2
$\begingroup$

As far as I understand it, the p-value is the probability of obtaining the observed data or more "extreme" values under the null hypotesis, concluding that if this probability is small enough the null hypotesis is likely false.

  1. Why are we interested in the probability of more "extreme" values as opposed to, for instance, the probability of some small interval around the obtained value? (i.e. the probability of obtaining a value in the interval [obtained_value - sigma/2, obtained_value + sigma/2] )

  2. What does "more extreme" actually mean? Sure, if we are talking of a test statistic following a normal distribution, "more extreme" can mean farther away from the mean. However, what about a bimodal distribution? Is there some formal way of stating what "more extreme" means?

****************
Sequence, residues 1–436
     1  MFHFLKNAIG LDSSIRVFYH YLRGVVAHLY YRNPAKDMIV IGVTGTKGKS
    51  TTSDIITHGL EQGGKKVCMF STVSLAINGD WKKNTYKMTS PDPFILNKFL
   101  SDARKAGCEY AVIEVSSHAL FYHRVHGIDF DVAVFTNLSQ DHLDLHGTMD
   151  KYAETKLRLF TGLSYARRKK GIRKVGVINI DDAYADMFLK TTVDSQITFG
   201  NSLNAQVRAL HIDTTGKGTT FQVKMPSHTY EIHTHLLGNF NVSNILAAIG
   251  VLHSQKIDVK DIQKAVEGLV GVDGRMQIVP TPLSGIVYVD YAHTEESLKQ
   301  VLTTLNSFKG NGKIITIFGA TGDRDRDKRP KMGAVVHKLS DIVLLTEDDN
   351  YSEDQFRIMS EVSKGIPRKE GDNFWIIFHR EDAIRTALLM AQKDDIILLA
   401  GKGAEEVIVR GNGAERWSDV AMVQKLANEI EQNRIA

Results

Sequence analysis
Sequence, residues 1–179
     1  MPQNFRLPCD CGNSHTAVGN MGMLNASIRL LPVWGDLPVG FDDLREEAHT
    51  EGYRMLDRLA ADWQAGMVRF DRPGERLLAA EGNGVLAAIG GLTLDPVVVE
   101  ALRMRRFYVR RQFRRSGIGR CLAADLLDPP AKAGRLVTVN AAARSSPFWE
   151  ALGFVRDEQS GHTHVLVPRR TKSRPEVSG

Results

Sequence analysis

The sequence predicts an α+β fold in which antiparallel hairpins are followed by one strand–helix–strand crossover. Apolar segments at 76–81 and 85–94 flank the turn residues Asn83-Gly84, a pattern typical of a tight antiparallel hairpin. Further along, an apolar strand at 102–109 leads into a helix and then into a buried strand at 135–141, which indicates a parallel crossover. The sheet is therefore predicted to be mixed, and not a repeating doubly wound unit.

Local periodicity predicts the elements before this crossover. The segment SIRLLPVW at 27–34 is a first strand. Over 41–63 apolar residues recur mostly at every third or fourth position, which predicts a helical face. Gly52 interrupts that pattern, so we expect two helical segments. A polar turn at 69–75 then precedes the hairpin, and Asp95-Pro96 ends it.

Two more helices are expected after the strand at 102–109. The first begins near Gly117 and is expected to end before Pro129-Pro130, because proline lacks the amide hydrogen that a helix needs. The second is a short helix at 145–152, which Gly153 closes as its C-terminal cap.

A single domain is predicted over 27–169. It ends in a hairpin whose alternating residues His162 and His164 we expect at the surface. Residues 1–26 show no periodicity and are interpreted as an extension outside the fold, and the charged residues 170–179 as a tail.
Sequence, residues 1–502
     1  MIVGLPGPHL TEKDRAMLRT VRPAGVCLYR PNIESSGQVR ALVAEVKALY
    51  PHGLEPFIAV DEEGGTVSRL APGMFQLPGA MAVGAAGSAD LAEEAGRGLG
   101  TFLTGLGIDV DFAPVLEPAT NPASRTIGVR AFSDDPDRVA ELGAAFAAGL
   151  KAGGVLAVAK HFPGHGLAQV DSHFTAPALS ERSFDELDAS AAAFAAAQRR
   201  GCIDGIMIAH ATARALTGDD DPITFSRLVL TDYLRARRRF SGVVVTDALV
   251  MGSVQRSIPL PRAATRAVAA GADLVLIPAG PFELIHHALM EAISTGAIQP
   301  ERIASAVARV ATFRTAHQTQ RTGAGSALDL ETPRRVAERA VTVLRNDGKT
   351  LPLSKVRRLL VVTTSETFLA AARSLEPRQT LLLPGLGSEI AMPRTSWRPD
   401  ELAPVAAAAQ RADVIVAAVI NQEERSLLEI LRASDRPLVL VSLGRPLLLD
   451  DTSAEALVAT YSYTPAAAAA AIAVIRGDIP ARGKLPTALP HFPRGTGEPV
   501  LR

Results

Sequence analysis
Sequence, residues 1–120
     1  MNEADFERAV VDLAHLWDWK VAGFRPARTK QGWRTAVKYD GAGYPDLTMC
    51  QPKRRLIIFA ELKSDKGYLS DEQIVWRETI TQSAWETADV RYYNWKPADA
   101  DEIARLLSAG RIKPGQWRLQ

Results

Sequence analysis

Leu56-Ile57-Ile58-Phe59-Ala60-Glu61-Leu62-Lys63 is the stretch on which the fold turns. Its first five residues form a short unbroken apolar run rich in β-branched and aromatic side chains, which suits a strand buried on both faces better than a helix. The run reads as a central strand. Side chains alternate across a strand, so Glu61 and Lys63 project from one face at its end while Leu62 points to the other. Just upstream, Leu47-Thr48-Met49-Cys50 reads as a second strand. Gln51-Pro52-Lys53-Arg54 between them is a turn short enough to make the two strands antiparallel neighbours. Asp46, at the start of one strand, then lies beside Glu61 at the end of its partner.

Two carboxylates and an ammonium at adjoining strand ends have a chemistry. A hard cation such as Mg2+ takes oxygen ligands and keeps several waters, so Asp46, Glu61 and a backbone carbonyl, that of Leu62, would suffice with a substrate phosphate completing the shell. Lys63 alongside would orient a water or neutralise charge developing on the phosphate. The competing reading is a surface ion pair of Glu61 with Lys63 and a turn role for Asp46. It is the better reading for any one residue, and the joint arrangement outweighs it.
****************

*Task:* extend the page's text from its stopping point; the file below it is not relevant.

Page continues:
Thank you!

$\endgroup$
0
3
$\begingroup$

Traditionally you start NHST (Null Hypothesis Significance Testing) with a Null Hypothesis. Then you start collect data and try to reject that null hypothesis. The data you find either has reasonably likelihood unter the Null or is evidence against the Null Hypothesis. 'More extreme' is data, which has even less likelihood under the null hypothesis than some (not always so 'extreme') cutoff. If you think from the null hypothesis, it comes natural, that in the case of your hypothetical bimodal distribution, data in the middle of the two modes may be more extreme then the data on the right or the left of it. 'Extreme' in this sense does not necessarily mean large towards $\infty$ or small towards $-\infty$ but extreme with regard to a null hypothesis.

$\endgroup$

Not the answer you're looking for? Browse other questions tagged or ask your own question.